The size range of individual mineral particles (sand, silt, clay) is expressed by soil texture. This size range or texture, influences the amount of the other three components present at anyone time in a specific volume of soil.

Organic soils consist mostly of decayed plant material (figure 2) and occur in swamps, bogs, and marshes. Such soils feei very light when dry. Well-decayed muck and peat are powdery when dry but partially decayed peat contains easily identified plant stems and leaves.

Importance of texture to building site characteristics

The texture of the subsoil indicates the building site potential. If the subsoil is coarse (sand, loamy sand). water drains through it rapidly (assuming there is no high water table). Coarse-textured soils are easily excavated and quite stable during both dry and wet conditions.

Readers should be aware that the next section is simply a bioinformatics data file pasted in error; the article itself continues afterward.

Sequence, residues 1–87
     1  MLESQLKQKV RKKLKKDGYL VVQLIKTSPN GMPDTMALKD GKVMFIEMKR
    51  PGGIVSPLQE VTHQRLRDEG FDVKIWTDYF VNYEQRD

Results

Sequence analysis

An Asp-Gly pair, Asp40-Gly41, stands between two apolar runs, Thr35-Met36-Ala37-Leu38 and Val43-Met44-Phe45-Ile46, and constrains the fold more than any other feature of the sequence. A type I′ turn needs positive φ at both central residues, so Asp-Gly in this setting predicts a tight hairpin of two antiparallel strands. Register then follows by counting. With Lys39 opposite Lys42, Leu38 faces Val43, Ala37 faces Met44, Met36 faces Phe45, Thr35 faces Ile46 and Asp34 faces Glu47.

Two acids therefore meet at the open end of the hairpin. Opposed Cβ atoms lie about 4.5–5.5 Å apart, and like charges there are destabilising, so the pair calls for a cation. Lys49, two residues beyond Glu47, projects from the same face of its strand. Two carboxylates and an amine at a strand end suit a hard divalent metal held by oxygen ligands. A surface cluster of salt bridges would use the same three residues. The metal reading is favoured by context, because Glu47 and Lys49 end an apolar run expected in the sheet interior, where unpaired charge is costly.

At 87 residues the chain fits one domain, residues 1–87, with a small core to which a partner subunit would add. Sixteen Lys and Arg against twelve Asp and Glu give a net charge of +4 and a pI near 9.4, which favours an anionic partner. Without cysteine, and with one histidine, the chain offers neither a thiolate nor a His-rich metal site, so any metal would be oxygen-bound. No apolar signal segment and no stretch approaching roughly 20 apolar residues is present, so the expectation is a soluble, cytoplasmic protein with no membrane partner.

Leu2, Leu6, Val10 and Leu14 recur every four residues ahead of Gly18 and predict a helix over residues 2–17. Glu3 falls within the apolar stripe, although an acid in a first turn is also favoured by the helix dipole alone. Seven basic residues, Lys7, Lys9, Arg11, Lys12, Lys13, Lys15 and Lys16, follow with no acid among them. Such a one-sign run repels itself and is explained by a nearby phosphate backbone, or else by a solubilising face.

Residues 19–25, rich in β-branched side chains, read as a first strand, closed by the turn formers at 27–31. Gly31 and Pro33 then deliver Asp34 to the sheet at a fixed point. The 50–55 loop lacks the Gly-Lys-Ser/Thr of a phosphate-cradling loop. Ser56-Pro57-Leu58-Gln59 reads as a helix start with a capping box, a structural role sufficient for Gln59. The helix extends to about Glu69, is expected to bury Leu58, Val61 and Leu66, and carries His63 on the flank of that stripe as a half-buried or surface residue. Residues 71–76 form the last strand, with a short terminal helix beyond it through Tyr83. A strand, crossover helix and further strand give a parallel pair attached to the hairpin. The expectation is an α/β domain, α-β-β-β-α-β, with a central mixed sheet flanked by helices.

Fine-textured soils have a tendency to expand as the amount of moisture increases and to contract as moisture decreases. Cracks at the soil surface are evidence of this during dry periods. This same expansion and contraction takes place during the winter and spring as the moisture in the soil freezes and thaws. This lack of stability can crack foundations, sidewalks, and driveways if precautions are not taken.

The properties that make the coarse-textured soils good building sites are the same ones that make them poor for establishing and maintaining lawns and gardens. The fact that water moves rapidly through these soils means that, during dry periods, the water will not remain within the rooting depth of grass and trees. Lawns and gardens will have to be watered frequently during dry periods to provide adequate moisture.

The moderate (loams, silt loams) and fine-textured soils generally have a higher inherent soil fertility which makes them desirable for establishing lawns and gardens.